An introduction to Docker for web developers

An introduction to Docker for web developers

Docker runs applications. That’s it. But by “application”, I’m referring to big web dependency stuff…

  • web servers such as Apache and NGINX
  • language runtimes such as Node.js, PHP, Python, Ruby, Rust etc.
  • databases such as MySQL, PostgreSQL, Oracle, MongoDB, redis, etc.
  • web applications such as WordPress, Magento, forums, etc.
  • and anything else: Elastic Search, message queues, emailers, etc.

It doesn’t matter which Operating System you’re using. If your web project has a dependency, it can be downloaded, configured, and launched on Windows, macOS, or Linux in minutes.

The following sections provide an overview of Docker features which directly benefit web developers.


Docker runs apps in an isolated environment known as a container. In essence, you can think of it as a lightweight virtual machine containing an OS and the installed/running application.

Apps running in containers controlled by Docker

Docker containerized apps

Your host OS is not modified or configured in any way. It’s easy to add, remove, or update a container as necessary.

This also allows you can run different versions of the same dependency — even at the same time. For example, perhaps you require PHP5 for a legacy application but PHP7 for a new project.


A containerized application is still accessed from localhost. It normally exposes one or more TCP ports, such as 80 or 443 for a web server or 3306 for MySQL. A MySQL client can attach to localhost:3306 in the same way as it would for a local installation.

Folders on your host PC can be mounted inside a container. You can edit code locally using your existing editor and tools, but have it update and run inside the container.

Finally, it’s possible to connect to the container’s shell using SSH to run administrative commands.


Once you have a good set-up, developing with Docker is easier and safer than developing locally. It encourages risk-free experimentation:

  • you can run older software without being forced to upgrade. PHP3, Python 2, MongoDB 1 — it doesn’t matter.
  • trying a new application or upgrading to the latest version is no longer an issue — you can roll back if there are problems.
  • creating dangerous code, such as a deletion utility, won’t accidentally wipe your critical OS files!


Your Docker development environment is portable. It can be stored and reproduced elsewhere, e.g. uploaded to a Git repository and cloned by others on your team.

It doesn’t matter what OS they use or whether a dependency is available on their platform. Your web app will work identically.

Docker finally ends those “but it works on my PC” conversations!


During development, you will typically run your own web app code in a single container. Optionally, you can run any number of the same app containers on a live server (Kubernetes and Docker Swarm are designed to do just that).

Your application will become faster and more robust. Any instance can fail and be restarted while others keep running. You could also update the application with no downtime.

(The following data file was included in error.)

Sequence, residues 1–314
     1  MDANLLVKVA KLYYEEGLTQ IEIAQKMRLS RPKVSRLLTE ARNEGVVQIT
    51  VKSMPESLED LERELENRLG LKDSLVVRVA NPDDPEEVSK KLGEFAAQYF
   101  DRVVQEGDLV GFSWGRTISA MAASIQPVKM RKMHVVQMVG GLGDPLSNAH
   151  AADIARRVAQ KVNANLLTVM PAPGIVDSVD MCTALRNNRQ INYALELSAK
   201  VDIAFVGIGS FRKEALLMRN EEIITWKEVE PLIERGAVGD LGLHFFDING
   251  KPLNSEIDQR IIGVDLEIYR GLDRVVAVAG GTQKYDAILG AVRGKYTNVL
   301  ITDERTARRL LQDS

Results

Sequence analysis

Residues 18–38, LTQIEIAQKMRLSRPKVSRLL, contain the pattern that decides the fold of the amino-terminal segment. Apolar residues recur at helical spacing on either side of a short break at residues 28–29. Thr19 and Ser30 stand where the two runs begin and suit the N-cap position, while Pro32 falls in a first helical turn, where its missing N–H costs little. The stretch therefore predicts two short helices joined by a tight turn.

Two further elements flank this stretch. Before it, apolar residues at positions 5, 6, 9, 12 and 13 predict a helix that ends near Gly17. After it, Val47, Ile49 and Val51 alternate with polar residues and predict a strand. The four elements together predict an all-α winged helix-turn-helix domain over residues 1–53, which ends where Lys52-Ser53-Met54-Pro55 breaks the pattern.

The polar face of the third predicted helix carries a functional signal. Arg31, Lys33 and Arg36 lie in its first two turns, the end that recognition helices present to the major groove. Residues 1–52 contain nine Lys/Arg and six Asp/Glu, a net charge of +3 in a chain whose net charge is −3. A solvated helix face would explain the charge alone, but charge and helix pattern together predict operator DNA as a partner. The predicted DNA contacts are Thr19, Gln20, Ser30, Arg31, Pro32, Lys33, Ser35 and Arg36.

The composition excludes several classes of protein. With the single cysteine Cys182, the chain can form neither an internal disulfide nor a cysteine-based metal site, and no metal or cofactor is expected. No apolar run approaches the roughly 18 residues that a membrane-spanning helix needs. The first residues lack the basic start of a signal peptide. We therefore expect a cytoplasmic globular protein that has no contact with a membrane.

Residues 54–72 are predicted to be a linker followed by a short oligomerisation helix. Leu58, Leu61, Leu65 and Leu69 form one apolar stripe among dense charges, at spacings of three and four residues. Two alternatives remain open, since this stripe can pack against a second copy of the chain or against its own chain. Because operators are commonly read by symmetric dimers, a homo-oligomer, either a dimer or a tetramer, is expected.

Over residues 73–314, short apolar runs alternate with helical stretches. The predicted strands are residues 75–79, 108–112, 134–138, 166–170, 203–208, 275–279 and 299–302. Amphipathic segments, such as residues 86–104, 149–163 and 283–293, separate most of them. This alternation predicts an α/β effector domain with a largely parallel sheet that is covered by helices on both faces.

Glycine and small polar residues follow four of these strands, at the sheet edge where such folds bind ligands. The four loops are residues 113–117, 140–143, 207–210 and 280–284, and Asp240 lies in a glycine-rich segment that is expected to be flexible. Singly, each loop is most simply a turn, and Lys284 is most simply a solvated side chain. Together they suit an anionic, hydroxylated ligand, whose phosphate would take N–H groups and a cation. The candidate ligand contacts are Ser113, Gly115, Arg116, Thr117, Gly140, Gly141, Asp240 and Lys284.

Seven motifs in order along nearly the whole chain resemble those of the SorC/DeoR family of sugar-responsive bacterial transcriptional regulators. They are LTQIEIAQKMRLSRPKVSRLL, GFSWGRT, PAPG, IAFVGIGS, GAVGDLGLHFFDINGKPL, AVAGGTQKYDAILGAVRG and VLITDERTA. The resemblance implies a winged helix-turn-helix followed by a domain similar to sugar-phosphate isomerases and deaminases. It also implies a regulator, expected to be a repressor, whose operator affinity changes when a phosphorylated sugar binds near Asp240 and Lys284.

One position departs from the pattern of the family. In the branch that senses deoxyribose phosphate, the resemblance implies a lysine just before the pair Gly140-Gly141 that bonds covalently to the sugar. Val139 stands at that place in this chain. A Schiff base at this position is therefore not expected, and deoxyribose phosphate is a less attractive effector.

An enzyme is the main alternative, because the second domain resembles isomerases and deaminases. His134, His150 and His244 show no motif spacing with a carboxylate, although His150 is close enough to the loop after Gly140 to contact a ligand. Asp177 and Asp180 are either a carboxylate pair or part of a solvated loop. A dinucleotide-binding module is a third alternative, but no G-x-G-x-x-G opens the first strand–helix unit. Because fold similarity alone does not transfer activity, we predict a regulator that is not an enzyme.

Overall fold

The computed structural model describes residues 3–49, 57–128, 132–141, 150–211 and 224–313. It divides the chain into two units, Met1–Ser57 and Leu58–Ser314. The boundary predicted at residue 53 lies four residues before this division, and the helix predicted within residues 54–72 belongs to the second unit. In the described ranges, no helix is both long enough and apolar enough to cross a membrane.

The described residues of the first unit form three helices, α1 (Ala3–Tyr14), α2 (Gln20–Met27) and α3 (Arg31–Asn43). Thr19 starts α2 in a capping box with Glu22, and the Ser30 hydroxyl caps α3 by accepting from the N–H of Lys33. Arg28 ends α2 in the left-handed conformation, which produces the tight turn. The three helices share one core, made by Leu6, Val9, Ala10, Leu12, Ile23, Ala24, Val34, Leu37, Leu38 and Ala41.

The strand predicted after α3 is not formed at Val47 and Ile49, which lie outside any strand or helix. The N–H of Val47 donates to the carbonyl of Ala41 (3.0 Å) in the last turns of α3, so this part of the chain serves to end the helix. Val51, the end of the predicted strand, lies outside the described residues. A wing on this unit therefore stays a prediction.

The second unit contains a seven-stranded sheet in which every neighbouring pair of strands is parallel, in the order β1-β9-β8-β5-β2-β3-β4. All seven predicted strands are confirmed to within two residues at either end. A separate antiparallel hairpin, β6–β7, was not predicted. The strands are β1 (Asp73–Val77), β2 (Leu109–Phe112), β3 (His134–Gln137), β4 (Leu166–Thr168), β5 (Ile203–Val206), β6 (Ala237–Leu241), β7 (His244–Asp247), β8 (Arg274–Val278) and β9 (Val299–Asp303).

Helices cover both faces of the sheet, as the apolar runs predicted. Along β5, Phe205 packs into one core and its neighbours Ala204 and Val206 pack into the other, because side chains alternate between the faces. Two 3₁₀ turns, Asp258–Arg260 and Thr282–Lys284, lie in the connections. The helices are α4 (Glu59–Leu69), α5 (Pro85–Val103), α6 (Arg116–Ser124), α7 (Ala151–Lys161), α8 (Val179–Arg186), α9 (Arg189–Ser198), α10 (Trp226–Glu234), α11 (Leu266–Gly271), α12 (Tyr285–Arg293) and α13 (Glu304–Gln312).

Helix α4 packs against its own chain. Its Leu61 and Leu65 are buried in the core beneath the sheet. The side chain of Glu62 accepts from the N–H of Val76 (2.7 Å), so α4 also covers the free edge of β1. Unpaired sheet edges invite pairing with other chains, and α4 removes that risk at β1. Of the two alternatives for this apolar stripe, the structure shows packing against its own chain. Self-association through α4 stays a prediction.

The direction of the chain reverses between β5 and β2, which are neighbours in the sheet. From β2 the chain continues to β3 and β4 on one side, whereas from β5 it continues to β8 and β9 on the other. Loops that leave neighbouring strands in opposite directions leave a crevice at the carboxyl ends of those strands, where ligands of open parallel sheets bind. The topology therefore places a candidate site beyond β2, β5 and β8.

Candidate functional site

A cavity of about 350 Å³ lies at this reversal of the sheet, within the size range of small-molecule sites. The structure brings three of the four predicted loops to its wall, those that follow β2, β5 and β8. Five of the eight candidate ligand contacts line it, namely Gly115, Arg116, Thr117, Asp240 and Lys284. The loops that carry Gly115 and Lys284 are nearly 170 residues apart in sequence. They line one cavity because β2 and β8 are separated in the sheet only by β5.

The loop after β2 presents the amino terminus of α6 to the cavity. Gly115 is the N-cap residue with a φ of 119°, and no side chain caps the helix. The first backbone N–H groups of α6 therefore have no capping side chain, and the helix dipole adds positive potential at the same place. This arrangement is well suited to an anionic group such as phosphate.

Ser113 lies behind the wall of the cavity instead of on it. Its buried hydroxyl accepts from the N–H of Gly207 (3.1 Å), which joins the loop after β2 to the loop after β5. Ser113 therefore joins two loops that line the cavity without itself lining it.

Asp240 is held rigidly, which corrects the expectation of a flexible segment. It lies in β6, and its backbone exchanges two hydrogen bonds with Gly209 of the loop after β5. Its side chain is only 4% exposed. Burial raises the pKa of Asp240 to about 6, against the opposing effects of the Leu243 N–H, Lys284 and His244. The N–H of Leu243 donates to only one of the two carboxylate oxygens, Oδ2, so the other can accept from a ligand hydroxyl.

Docker quick start

If Docker is so practical, why do few developers use it?

The main reason: it looks complex. There are many features, numerous options, and it’s not always clear how to get started.

Here’s a quick-start summary to launch the latest version of MySQL and Adminer, a PHP database client.

Install the latest stable edition for your OS:

Note that Docker’s command-line interface allows you to start individual containers. Docker Compose can launch multiple containers using a configuration file normally named docker-compose.yml.

Create a folder with a file named docker-compose.yml and add the following content (or download it directly from Gitub):

version: ‘3’


image: mysql
container_name: mysql

  - MYSQL\_ROOT\_PASSWORD=mysecret  
  - mysqldata:/var/lib/mysql  
  - "3306:3306"  
  - mysqlnet  
restart: on-failure

image: adminer
container_name: adminer

  - mysql  
  - "8080:8080"  
  - mysqlnet  
restart: on-failure



Open a terminal, cd to that folder and enter:

docker-compose up

It will take several minutes to download the container images and initialize the database the first time you run the command. MySQL is ready when you see:

mysql | … [Server] X Plugin ready for connections.

Open localhost:8080 in your browser to launch Adminer.

Adminer login screen

Enter the login credentials:

  • Server: mysql
  • Username: root
  • Password: mysecret

and you can browse, create, edit, or drop databases, tables, users, and other items.

You could even create a web application which stores data at localhost:3306.

To stop the containers, press Ctrl | Cmd + C in the terminal or enter

docker-compose down

in another terminal window. Starting MySQL and Adminer again with docker-compose up is almost instantaneous.

It’s incredible that you’ve installed, configured, and launched MySQL, PHP, and Adminer with a few minutes effort.

Next steps

Docker is one of the most useful web development tools you’re not using!

“Docker for Web Developers” is a book and video course which will revolutionize your web development workflow. It has one objective:

to quickly demonstrate how you can use Docker in your web development projects.

It starts with a concise explanation of Docker terminology and concepts before demonstrating typical projects such as local WordPress, Node.js, and Single-Page App (SPA) environments.

You can update source files, execute it instantly, and debug client and server code in Chrome DevTools and VS Code. The examples can be adapted to any technology stack, new projects, or existing apps.

See for more information.

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